Вы находитесь на странице: 1из 80

BA 411

Introduction to the Production Planning And Inventory Control

Learning Objectives
Provide basic description of production systems What they are How they operate Because inventory plays a central role in the operation of a production system Overview of inventory basics How they relate to the production system

The Production System

The set of resources and procedures involved in converting raw material into products and delivering them to customers Production and delivery of products are central to the firm Functions have value only if they enhance the ability to do this profitably

The difference between the cost of inputs and the value or price of outputs.
Value added Inputs Land Labor Capital Transformation/ Conversion process

Outputs Goods Services

Feedback Feedback


Activity Analysis

Non-value-added activity Increases time spent on Value-added activity product or service but does Increases worth of not increase worth product or service to a Unnecessary from customer customer perspective Customer is willing to Can be reduced, redesigned pay for it or eliminated without affecting market value or quality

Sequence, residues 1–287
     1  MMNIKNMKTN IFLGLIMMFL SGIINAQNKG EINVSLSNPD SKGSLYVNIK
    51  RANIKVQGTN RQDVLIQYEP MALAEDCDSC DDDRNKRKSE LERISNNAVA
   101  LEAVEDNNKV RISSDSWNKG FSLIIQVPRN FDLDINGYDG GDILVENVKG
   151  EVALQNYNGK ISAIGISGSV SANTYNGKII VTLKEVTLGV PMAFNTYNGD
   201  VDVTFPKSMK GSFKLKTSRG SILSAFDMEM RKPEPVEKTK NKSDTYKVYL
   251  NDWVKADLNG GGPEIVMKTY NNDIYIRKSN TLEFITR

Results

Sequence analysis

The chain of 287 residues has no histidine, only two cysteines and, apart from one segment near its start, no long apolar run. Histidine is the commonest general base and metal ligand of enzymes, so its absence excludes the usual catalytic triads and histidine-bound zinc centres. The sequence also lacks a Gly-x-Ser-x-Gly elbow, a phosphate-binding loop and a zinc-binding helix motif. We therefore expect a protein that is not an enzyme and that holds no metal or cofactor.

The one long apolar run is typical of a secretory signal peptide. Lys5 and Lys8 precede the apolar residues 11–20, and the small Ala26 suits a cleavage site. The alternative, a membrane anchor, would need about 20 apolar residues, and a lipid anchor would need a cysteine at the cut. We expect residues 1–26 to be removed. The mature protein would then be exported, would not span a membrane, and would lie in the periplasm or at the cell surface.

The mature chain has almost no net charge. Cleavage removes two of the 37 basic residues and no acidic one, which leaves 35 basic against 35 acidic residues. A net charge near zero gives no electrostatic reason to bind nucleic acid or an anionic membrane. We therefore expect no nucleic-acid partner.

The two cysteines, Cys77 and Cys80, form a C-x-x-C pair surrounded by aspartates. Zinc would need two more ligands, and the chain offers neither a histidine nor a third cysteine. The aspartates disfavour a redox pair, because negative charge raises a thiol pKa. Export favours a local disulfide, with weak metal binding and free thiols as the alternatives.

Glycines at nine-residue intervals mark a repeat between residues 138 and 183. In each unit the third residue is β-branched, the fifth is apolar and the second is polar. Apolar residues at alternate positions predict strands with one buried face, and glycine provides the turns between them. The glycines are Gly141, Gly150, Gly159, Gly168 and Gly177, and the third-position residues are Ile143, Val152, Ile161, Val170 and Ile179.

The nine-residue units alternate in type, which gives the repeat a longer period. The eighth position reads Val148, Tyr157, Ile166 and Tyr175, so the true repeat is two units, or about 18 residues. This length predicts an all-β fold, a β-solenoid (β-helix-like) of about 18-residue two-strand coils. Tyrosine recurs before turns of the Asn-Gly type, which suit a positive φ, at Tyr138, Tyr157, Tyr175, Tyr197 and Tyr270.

Activity Analysis
Create a Process Map (detailed flowchart) for each process
Identify each step

Create Value Chart

Identify stages and time spent in stages from beginning to end of process
Value-Added Processing Time Service Time Non-Value-Added Inspection Time Transfer Time Idle Time

Cycle Time
Cycle Time Value= Added Activities NonValue-Added Activities

Eliminate or minimize activities that add the most time and cost and the least value

Production Planning and Control

Minimize non-value added activities and effectively utilize limited resources in the production of goods so as to satisfy customer demands and create a profit for investors.
Resources include the production facilities, labor and materials. Constraints include the availability of resources, delivery times for the products, and management policies. Production and Inventory ControlIntroduction (10)

Efficiency Versus Effectiveness

The difference between efficient and effective is that efficiency refers to how well you do something, whereas effectiveness refers to how useful it is. For example, if a company is not doing well and they decide to train their workforce on a new technology. The training goes really well - they train all their employees in avery short time and tests show they have absorbed the training well. But overall productivity doesn't improve. In this case the company's strategy was efficient but not effective.

Operation of Production Systems and Production Planning Involve